Tuesday, January 12, 2010

Grandma & Santa Claus

12/23/09 Chatterbox
Betty Kaiser


Dear Readers,
Years ago I started a tradition of featuring an old-fashioned, feel-good holiday story in this space during Christmas week. This year’s story comes courtesy of an unknown author via a friend of mine. I’m passing it on as my Christmas present to you. May it warm your heart and cause you to be Santa to someone who needs you. The setting is small town America, about 1950. Our narrator is an eight-year-old youngster. He begins

I was just a kid when I had my Christmas adventure with Grandma. I remember tearing across town on my bike to visit her one December day. Before I left, my big sister had dropped the bomb: “There is no Santa Claus,” she jeered. “Even dummies know that!”

I immediately fled to my grandmother because I knew she would be straight with me. Grandma was not the gushy kind, never had been. She always told the truth and I knew that the truth always went down a whole lot easier when swallowed with one of her “world-famous” cinnamon buns. (I knew they were world-famous because she said so.)

Grandma was home and the buns were still warm. Between bites, I told her everything. She was ready for me.

“No Santa Claus?” she snorted. “Ridiculous! Don’t you believe it! That rumor has been going around for years and it makes me mad; just plain mad!

“Now, put on your coat and let’s go.” “Go? Go where, Grandma?” I asked. I hadn’t even finished my second of her world-famous cinnamon buns.

‘Where’ turned out to be Kerby’s General Store, the one store in town that had a little bit of everything. As we walked through the store’s door, Grandma handed me ten dollars. That was a bundle in those days.

“Take this money,” she said, “and buy something for someone who needs it. I’ll wait for you in the car. The she turned and walked out of Kerby’s.

I was only eight years old. I’d often gone shopping with my mother but I had never shopped for anything all by myself. The store. Seemed big and crowded, full of people scrambling to finish their Christmas shopping.

For a few moments, I just stood there, confused, clutching that ten-dollar bill, wondering what to buy and who on earth to buy it for. I thought of everybody I knew: my family, my friends, my neighbors, the kids at school, and the people who went to my church.

I was just about thought out when I suddenly thought of Bobby Decker. He was a kid with bad breath and messy hair and he sat right behind me in Mrs. Pollock’s grade-two class.

Bobby Decker didn’t have a coat. I knew that because he never went out to recess during the winter. His mother always wrote a note telling the teacher that he had a cough. All of us kids knew that Bobby Decker didn’t have a cough; he didn’t have a good coat!

I fingered the ten-dollar bill with growing excitement. I would buy Bobby Decker a coat! I settled on a red corduroy one that had a hood to it. It looked real warm. He would like that.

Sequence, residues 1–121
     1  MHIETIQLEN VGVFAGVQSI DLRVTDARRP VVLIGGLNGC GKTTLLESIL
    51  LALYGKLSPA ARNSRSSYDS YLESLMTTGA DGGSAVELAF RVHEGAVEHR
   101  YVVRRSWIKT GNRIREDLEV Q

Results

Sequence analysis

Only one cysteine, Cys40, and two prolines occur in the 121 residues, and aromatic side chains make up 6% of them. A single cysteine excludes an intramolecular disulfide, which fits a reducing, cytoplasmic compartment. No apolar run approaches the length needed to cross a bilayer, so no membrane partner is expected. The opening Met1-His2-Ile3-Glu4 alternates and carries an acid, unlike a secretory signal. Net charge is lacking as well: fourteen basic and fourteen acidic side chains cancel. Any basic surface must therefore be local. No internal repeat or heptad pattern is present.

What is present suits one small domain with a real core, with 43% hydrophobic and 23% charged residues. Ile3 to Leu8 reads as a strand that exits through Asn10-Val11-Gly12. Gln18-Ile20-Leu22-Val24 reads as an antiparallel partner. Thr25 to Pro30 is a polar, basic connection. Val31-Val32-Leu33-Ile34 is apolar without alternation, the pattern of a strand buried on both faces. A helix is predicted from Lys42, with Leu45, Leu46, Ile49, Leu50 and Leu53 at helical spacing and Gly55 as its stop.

“Is this a Christmas present for someone?” the lady behind the counter asked kindly as I laid my ten dollars down. “Yes, ma’am,” I replied shyly. “It’s for Bobby.”

The nice lady smiled at me as I told her about how Bobby really needed a good winter coat. I didn’t get any change but she put the coat in a bag, smiled again and wished me a “Merry Christmas.”

That evening when Grandma helped me wrap the coat, a little tag fell out and she tucked it in her Bible. We wrapped the coat up real pretty with paper and ribbons and wrote, “To Bobby, from Santa Claus,” on a gift tag.

Grandma said that Santa always insisted on secrecy. Then she drove me over to Bobby Decker’s house. She explained as we went, that I was now and forever, officially, one of Santa’s helpers.

Grandma parked down the street from Bobby’s house and we got out of the car. She and I crept noiselessly and hid in the bushes by his front walk. Then she gave me a nudge. “All right, Santa Claus,” she whispered, “get going.”

I took a deep breath, dashed for his front door, threw the present down on his step, pounded his door and flew back to the safety of the bushes and Grandma. Together we waited breathlessly in the darkness for the front door to open.

Finally the door opened and there stood Bobby. Fifty years haven’t dimmed the thrill of those moments spent shivering, beside my Grandma in Bobby Decker’s bushes.

That night, I realized that those awful rumors about Santa Claus were just what Grandma said they were — ridiculous! Santa was alive and well. We were on his team. And to prove it, I still have Grandma’s Bible with the coat tag tucked inside: $19.95.

Well, that’s it for this year, folks. As we pray for peace on earth and good will around the world, let’s also be thankful for all of Santa’s helpers out there — whatever your age may be. Merry Christmas and God Bless you all!


Betty Kaiser’s Chatterbox is about people, places, family, and other matters of the heart. 
Read her weekly columns in the Cottage Grove Sentinel

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